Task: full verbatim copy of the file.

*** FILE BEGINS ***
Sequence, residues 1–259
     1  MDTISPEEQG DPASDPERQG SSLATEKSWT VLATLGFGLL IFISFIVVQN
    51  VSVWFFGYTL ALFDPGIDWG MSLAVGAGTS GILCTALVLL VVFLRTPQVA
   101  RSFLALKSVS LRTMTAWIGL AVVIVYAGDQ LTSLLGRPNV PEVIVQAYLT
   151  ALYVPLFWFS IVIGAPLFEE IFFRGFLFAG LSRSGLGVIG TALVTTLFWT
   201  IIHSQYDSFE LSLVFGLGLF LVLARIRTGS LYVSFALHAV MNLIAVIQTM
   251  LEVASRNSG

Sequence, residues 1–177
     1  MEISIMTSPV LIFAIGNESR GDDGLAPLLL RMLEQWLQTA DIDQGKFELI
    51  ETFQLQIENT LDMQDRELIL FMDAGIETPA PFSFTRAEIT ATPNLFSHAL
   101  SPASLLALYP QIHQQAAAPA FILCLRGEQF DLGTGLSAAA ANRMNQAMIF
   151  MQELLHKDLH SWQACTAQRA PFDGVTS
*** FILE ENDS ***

Sequence, residues 1–259
     1  MDTISPEEQG DPASDPERQG SSLATEKSWT VLATLGFGLL IFISFIVVQN
    51  VSVWFFGYTL ALFDPGIDWG MSLAVGAGTS GILCTALVLL VVFLRTPQVA
   101  RSFLALKSVS LRTMTAWIGL AVVIVYAGDQ LTSLLGRPNV PEVIVQAYLT
   151  ALYVPLFWFS IVIGAPLFEE IFFRGFLFAG LSRSGLGVIG TALVTTLFWT
   201  IIHSQYDSFE LSLVFGLGLF LVLARIRTGS LYVSFALHAV MNLIAVIQTM
   251  LEVASRNSG

Sequence, residues 1–177
     1  MEISIMTSPV LIFAIGNESR GDDGLAPLLL RMLEQWLQTA DIDQGKFELI
    51  ETFQLQIENT LDMQDRELIL FMDAGIETPA PFSFTRAEIT ATPNLFSHAL
   101  SPASLLALYP QIHQQAAAPA FILCLRGEQF DLGTGLSAAA ANRMNQAMIF
   151  MQELLHKDLH SWQACTAQRA PFDGVTS